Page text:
being stopped, to ask the police- nights a week.
man for a 'Receipt of Police- The Tribal Council Sisters
Citizen Contact,"' Bowerman was formed to help participants
says. "They're required by law become aware of each other's
to give it to everyone over 18 needs as women. Although the
who requests it. We're going to meetings themselves are limit-
take all those receipts and com- ed to women, the discussions are
pile a list." based toward the political di-
She asks that persons with re- rection of Tribal Council.
ports on police activities call
the Rainbow people at 'f61-1079 The pcoup's meetings are di-
vided into two two-hour seg-
and leave a message. ments. "We're not trying to be
The Council also has a Health a women's movement group,"
Committee which is investigat- Bowerman points out. "The first -
ing complaints about Ann Ar- segment is about sisterhood and
bor's medical profession. Again, womanhood and how we feel.
people in the community are We want to know how we can
asked to report problems to the become closer and understand
committee to increase its effec- brothers more.
tiveness. "The second half of the meet-
The Ballroom and Music ing is devoted to issues sur-
Committee has already rewired rounding Tribal .Council and
and reheated the ballroom and how we can put the things we
built a new floor and stage. were talking about into effect."
However, the ceiling is not yet All women are invited to the
finished, and Bowerman asks meetings, but Bowerman em-
that people in the community phasizes that the group is an
come out to the ballroom and active part of the Tribal Coun-
do some work, cil and that attending the meet-
Although the Council hopes ings should be "a step towards
to schedule free concerts this working with the community
summer at the ballroom, there through Tribal Council." Those
will also be. concerts to raise interested in attending should
money for the center. The ball- contact either Bowerman at
room will be available to com- 769-1442 or Genie Plamondon
munity groups, at 761-1709 for information.
"If a certain group wants to Everyone interested in work-
use it, they can come to the ing on Tribal Council projects
Ballroom Committee and give or with ideas to bring the Coun-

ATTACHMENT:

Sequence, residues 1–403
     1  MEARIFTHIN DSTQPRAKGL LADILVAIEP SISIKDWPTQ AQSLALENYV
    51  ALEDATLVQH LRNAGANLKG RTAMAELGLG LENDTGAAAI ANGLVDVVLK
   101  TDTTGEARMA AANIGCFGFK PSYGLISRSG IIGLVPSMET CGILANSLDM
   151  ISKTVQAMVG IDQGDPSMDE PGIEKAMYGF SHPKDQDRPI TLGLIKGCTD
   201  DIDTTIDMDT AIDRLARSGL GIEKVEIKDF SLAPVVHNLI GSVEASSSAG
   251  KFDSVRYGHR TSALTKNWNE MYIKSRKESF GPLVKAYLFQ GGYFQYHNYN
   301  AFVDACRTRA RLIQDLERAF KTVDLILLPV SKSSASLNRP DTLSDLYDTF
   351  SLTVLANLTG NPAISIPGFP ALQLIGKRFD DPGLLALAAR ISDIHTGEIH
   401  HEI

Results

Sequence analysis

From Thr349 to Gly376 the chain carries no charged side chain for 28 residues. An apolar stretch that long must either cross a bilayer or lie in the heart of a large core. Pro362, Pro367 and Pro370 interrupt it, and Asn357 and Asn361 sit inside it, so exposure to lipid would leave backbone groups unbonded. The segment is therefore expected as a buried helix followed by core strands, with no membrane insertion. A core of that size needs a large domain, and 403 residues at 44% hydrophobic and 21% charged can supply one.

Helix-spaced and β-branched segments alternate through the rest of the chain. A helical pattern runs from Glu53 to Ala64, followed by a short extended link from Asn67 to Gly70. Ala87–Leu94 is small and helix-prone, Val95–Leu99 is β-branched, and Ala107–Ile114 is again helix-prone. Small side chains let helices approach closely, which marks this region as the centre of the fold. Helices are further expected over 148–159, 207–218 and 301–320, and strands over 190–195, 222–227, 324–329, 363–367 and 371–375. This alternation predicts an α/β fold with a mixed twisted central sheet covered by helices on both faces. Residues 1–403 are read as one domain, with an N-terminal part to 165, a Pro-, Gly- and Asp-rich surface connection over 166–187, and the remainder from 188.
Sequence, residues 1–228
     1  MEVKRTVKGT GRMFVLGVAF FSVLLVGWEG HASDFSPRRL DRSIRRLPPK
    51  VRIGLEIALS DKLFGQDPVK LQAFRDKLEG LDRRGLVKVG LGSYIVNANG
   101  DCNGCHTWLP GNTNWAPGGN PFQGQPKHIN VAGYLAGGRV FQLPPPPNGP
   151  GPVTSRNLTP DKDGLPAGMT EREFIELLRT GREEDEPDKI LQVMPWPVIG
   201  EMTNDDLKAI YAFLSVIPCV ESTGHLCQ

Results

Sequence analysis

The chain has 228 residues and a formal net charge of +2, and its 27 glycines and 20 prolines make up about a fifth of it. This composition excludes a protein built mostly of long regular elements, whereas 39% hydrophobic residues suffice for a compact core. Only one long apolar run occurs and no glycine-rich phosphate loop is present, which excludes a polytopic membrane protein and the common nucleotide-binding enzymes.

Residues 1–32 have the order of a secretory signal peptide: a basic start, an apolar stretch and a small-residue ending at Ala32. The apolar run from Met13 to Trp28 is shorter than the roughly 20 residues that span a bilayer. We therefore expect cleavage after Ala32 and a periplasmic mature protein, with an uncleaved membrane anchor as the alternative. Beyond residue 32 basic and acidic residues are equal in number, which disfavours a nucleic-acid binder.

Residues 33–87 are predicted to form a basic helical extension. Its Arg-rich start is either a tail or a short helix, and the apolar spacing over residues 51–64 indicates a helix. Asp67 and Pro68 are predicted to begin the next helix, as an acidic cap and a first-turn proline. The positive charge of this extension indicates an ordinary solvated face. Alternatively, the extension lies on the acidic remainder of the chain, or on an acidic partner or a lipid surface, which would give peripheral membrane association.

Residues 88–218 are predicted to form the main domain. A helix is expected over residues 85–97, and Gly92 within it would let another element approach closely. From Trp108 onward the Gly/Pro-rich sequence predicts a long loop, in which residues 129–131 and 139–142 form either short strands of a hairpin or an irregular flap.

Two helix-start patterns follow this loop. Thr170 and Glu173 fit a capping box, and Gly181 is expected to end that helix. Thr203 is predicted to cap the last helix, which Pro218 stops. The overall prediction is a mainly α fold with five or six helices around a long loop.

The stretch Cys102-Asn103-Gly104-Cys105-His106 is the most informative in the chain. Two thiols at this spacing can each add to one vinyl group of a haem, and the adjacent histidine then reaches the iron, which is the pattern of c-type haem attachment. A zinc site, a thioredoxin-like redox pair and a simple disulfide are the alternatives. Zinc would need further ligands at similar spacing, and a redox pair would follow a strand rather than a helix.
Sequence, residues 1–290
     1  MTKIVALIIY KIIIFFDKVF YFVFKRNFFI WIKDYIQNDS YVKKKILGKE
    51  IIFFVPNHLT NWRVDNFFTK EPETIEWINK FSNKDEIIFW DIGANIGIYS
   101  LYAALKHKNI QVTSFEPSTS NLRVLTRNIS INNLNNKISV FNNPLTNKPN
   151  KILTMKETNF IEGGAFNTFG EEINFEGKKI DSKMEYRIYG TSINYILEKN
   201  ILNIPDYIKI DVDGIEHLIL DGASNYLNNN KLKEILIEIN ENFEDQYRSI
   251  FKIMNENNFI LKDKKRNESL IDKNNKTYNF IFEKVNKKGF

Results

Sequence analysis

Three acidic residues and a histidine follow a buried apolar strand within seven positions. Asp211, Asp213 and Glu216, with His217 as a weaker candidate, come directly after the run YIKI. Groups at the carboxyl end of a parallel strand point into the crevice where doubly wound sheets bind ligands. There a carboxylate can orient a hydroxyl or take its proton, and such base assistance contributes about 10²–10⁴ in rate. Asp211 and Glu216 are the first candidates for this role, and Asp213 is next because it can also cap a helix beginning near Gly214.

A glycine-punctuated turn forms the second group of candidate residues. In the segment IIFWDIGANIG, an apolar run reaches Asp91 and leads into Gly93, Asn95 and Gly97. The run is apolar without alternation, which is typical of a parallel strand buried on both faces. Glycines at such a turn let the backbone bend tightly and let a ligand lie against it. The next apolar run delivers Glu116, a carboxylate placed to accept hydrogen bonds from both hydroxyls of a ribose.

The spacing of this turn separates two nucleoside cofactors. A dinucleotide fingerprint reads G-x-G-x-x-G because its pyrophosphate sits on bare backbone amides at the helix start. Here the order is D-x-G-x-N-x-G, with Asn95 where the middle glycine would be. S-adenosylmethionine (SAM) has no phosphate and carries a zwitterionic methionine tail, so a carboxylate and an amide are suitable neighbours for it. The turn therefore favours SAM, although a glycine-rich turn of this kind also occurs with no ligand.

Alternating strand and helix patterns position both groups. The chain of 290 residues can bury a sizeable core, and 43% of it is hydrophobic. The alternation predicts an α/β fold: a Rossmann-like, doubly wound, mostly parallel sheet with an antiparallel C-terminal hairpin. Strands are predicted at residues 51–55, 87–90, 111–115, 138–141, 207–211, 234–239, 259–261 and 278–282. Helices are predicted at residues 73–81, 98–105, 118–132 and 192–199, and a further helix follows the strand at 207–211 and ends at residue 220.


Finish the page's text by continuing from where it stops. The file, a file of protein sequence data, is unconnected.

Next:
us their reasons for needing cil should visit the Steering
it," Bowerman explains. "They'll Cs
probably get our okay, and all Committee, which meets on
it will cost them is the electric- Tuesday nights.
ity."
The Michigan Daily, edited and man-
aged by students at the University of
MIchigan. News phone: 764-0562. Second
OPEN MEMORIAL DAY Class postage pai at Ann Arbor, Mich--
* MON., MAY 29 lean. 420 Maynard St., Ann Arbor,
A 2 Miehigan 48104. Published daily Tues-
BOWLI NG daay through Sunday morning Univer-
FOOSBALL sity year. Subscription rates: $10 by
carrier, $11 by mail.
BILLIARDS Summer Session published Tuesday
through Saturday morning. Subscrip-
PING PONG tion rates: $5.50 by carrier (campus
area); $6.50 local mail (in Mich. or
ichigan Union oho); $7.50 non-locai maii (other states
and foreign).

A GEORGE1ROY0HILLPiiL MNAH PRDUCTON
I!'SLAUGH-TERHOUSE-Fi~"
AossA tfVE S et E.TC#fCaOlR'

NIGHTLY
7:00-9:05

MATINEES
WED.-SAT.
SUN. 1-3-5

SHOP THURSDAY AND FRIC
9:30 A.M. UNTIL 9:00 1
B
At for the sun
-tied halter and
midriff top of cool.
ends. Sizes S-MiL
in bright prints, $3.
idered midriff tn'

DAY
P.M.

go all o
in a rope
peasanty
cotton bl
A. Halter
B. Embro
in pink o
LITTLE SEP

Now Appearing:
the
Ron Brooks Trio
Thursday-Friday-Saturday
Contemporary Music-Dancing ;
at
Colonial Lanes
1950 S. Industrial
Ann Arbor

r grn checks, $4.
A0rTE; WTETFLOOR

LIBERTY AT MAYNARD @ ANN ARBOR

Back to Top

© 2020 Regents of the University of Michigan